Ångest is a subject that does not lend itself to comedy readily. Even the comedian Woody Allen had to move from farce to the seriocomic and serious in order to accommodate his attention to his Manhattanesque angst. Pär Lagerkvist’s brooding seriousness—the Swedish word for it is grubbel—is rarely relieved in his work by a light touch or a comic lift. None of his plays is a comedy. Those that are not tragedies, or tragic, are, at their most positive level, hauntingly melancholy.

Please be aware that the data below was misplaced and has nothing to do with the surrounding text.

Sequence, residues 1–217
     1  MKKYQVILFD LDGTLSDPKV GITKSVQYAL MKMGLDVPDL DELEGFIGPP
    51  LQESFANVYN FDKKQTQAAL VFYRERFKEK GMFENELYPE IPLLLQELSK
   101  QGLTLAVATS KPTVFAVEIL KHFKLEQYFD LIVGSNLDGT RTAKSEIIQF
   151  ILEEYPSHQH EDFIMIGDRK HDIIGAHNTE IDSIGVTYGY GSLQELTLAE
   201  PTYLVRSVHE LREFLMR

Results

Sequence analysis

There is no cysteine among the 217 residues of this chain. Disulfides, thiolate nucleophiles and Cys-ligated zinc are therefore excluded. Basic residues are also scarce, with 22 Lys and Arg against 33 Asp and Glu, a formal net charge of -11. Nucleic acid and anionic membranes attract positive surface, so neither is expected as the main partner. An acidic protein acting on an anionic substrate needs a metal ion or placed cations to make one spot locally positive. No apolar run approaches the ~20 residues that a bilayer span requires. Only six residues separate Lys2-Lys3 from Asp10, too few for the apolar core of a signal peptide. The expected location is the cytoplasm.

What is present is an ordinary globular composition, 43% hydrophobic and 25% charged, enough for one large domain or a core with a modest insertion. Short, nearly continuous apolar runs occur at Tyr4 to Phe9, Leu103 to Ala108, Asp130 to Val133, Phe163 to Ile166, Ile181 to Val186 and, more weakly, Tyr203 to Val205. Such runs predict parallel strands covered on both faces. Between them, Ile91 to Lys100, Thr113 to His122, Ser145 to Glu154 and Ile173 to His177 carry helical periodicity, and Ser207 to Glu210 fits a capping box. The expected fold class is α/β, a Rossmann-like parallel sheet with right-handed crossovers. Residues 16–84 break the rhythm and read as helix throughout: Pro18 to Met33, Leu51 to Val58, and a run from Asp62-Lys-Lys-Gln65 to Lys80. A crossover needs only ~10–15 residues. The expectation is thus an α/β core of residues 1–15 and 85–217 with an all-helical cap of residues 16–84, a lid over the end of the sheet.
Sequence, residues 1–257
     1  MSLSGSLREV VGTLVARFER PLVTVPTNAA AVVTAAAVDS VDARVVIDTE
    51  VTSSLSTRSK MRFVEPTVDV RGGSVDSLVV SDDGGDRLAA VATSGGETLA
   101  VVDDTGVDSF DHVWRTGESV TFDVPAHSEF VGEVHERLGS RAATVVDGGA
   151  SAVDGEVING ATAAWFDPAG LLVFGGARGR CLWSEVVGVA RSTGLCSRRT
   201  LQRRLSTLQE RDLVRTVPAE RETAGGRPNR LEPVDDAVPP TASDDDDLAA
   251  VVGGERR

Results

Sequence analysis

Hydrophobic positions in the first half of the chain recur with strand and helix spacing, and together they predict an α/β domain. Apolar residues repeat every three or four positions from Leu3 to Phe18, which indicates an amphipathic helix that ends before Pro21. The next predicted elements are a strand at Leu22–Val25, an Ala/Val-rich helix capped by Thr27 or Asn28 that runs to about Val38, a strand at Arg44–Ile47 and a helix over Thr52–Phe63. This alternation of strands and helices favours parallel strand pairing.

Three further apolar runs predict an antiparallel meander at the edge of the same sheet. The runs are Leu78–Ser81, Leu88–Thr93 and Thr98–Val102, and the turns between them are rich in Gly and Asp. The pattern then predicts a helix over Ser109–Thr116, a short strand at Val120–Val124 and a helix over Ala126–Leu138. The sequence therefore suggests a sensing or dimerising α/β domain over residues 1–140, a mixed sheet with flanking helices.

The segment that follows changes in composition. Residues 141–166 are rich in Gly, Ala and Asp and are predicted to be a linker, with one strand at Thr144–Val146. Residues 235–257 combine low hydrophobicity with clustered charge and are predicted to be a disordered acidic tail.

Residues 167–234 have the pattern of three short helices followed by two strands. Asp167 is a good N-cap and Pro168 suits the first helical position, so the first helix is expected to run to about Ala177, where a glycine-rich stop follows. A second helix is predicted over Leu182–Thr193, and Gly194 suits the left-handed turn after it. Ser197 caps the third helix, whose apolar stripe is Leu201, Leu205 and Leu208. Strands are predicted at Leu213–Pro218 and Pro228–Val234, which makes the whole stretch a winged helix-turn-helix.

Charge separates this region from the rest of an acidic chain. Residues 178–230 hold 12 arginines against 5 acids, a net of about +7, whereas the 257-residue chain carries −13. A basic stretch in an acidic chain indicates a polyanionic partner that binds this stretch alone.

A good approach to his first play, Sista mänskan, is to see its world as the terminus of the world brought into being in “Myten om människorna,” which begins, “Once upon a time there was a world.” In “Myten om människorna,” a man and a woman come to this world for a short visit. They make a home. The husband hunts and tills the soil. The wife bears three sons. One evening she tells her children about the other worlds she knows. When the youngest son dies, it is understood that he has gone to another world. The man and his wife grow old. After they die, their surviving sons feel great relief. Unbothered by further contemplation of other worlds, the two young men joyously go out to take possession of the earth, on which human life is burgeoning. From this paradisiacal setting, Lagerkvist has excluded a creator and for the visit of Lucifer has substituted the event of death. The Adam and Eve of this myth have come from a heavenly realm where all was clear, bright, and glorious and where their love for each other was taken for granted. On earth, their love could not be taken for granted. It was a miracle, infinitely precious because it could not last. In their love and in their life on earth, they lost their knowledge of Heaven; it became a mystery. When the woman told her sons about the other world, she could not remember enough to satisfy her youngest, who, quite unlike his brothers, yearned for Heaven. In his yearning, he withers and dies, while his brothers revel in life on Earth. There are two ideas expressed here. The first is that the price of earthly life is ignorance of Heaven; its corollary is that in the human presumption to know a no longer knowable Heaven, earthly life is wasted. The divinity of the other world separates the individual from the divinity within the self in proportion as the self yearns for the other world. The second idea is that loss of innocence is the price of human love and of the awakening of spirit in the physical consummation of that love.